Fielding Receives 2016 Ivan I. Mueller Award for Distinguished Service and Leadership

Eric Jameson Fielding will receive the 2016 Ivan I. Mueller Award for Distinguished Service and Leadership at the 2016 American Geophysical Union Fall Meeting, to be held 12–16 December in San Francisco, Calif. The award recognizes “major achievements in service and/or leadership to the geodesy community.”


It is a great pleasure to write this citation for Eric Fielding, who is this year’s winner of the Ivan I. Mueller Award. The Ivan I. Mueller Award was established in 2013 to recognize major achievements in service and/or leadership to the geodesy community that go above and beyond scientific and research contributions.

Eric is a world-leading geodesist and geophysicist who has pioneered and enabled the use of interferometric synthetic aperture radar (InSAR) as a mainstream tool for tectonics. Teasing out small deformation signals from large collections of raw radar data is not straightforward. Eric has patiently and generously used his deep understanding of radar processing to mentor and support a large number of scientists, allowing them to make advances in InSAR techniques or in their application. A dozen or more of these are now well-established researchers or university professors. Eric has been one of the main users and supporters of the InSAR software tools developed at Jet Propulsion Laboratory and Caltech, which have been the principle processing packages used by the scientific community, fixing bugs and ensuring updated versions are released to community. Since 2008, he has been teaching an annual InSAR short course, hosted by UNAVCO, which has now been taken by several hundred participants. It is not an exaggeration to say that without Eric’s selfless support many of the scientific advances that have relied on InSAR observations would not have been possible.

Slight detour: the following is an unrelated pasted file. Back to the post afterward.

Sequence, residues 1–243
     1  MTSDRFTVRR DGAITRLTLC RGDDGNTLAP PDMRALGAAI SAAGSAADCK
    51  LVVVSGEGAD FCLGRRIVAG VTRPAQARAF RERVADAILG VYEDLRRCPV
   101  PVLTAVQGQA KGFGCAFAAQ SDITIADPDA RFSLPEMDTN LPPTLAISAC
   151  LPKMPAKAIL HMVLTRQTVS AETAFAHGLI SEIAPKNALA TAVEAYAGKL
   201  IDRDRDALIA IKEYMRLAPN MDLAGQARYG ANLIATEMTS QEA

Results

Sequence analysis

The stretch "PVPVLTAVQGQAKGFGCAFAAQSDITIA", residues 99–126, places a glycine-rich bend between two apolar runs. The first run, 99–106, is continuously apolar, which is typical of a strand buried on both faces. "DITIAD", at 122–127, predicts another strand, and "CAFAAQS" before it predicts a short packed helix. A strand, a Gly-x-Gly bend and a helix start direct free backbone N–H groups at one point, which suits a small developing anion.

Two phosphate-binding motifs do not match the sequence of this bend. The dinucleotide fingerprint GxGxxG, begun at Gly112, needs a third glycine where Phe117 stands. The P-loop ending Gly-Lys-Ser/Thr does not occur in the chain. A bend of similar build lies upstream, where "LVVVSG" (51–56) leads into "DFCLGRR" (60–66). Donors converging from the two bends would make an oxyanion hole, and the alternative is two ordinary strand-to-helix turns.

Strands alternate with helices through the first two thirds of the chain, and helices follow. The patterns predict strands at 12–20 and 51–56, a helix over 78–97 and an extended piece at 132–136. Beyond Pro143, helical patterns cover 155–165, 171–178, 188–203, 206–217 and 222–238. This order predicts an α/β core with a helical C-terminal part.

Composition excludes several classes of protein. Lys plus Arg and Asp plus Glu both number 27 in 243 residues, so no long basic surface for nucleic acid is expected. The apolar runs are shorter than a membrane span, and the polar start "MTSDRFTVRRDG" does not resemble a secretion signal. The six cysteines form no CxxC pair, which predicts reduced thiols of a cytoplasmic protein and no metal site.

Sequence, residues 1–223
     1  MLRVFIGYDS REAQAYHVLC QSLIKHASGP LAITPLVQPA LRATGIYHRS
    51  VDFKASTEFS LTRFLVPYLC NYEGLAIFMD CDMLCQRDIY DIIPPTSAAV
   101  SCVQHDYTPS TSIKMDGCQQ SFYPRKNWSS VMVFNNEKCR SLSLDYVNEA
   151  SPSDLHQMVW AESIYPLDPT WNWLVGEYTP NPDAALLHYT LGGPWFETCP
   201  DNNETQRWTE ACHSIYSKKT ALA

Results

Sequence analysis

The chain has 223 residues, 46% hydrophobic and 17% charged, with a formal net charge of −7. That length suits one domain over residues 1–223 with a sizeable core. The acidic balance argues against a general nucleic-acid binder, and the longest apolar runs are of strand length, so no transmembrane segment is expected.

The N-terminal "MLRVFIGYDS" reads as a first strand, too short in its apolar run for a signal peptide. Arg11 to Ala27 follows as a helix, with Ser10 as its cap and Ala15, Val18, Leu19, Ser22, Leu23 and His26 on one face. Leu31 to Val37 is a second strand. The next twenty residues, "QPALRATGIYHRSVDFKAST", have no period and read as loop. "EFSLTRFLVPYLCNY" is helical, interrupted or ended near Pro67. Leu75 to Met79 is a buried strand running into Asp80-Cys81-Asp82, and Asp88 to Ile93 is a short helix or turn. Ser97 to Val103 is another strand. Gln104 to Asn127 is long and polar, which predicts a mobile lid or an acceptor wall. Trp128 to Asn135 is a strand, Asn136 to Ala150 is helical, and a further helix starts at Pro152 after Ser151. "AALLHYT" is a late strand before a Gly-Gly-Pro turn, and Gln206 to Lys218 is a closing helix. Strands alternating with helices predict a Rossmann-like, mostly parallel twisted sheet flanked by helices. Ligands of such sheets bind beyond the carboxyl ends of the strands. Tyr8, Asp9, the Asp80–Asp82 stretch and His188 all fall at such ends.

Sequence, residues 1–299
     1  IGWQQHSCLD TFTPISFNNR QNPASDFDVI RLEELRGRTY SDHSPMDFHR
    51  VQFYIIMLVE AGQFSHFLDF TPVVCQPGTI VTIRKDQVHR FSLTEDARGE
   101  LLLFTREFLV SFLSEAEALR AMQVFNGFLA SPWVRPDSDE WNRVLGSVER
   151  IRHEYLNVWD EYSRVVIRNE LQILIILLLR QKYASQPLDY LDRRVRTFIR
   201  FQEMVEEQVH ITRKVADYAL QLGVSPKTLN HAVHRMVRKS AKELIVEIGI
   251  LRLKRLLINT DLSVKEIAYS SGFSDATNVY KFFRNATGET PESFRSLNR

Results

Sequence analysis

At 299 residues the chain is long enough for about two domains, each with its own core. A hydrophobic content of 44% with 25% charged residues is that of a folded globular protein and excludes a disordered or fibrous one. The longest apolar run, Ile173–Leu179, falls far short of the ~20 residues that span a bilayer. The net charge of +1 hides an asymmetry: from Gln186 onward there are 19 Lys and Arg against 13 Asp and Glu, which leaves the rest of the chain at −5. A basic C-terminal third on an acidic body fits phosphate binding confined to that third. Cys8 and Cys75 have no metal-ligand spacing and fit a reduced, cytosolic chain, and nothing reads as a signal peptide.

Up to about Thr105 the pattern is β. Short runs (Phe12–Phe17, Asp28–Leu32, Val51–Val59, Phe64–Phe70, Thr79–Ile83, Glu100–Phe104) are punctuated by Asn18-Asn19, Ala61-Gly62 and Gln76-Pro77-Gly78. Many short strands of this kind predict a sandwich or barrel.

Eric’s unselfish mentoring provides a model for future geoscientists, especially for those who work with new technologies; he has provided, promoted, and supported rapid dissemination of space observing techniques and software to the broad benefit of our community; his work is geodetic but also benefits the seismology, tectonophysics, and volcanology sections of the AGU. I can think of no more deserving winner than Eric for this year’s award.

—Tim J. Wright, University of Leeds, Leeds, U.K.


I would like to thank the American Geophysical Union Geodesy section and those involved in this nomination, especially Tim Wright, for the great honor of being selected for this year’s Ivan I. Mueller Award. I am happy to be the first Mueller awardee working in the field of interferometric synthetic aperture radar (InSAR). I was fortunate to start working at the Jet Propulsion Laboratory (JPL), operated by California Institute of Technology, when InSAR was starting to be applied to geodetic and geophysical problems, including wide-area mapping of topography and surface deformation.

I have greatly benefited from the close collaboration between radar engineers and geophysicists at JPL and Caltech that allowed us and other collaborators around the world to extend InSAR and related methods to study many solid Earth processes. Paul Rosen leads the InSAR software development at JPL, releasing both the Repeat Orbit Interferometry package (ROI_pac) and InSAR Scientific Computing Environment (ISCE), and he and Scott Hensley always helped me understand the theory and implementation. Gilles Peltzer, Mark Simons, Matt Pritchard, Rowena Lohman, Paul Lundgren, Piyush Agram, Eric Gurrola, Walter Szeliga, and many others have collaborated on improving the system for getting the InSAR results, converting to geophysical measurements, and modeling the processes. UNAVCO has generously sponsored InSAR short courses for the past 8 years, with Scott Baker providing excellent help.

I started radar imaging of the Earth with Art Bloom at Cornell University, and learned about geophysics and earthquakes from Bryan Isacks and Muawia Barazangi. Their teaching helped me to join the early InSAR community, and Bryan and Muawia also encouraged me to create a prototype system for sharing geophysical results. The open collaboration of faculty, students, and researchers at Cornell University inspired my later efforts in spreading InSAR in geodesy. I am grateful to my wife for her encouragement.

—Eric Jameson Fielding, Jet Propulsion Laboratory, California Institute of Technology, Pasadena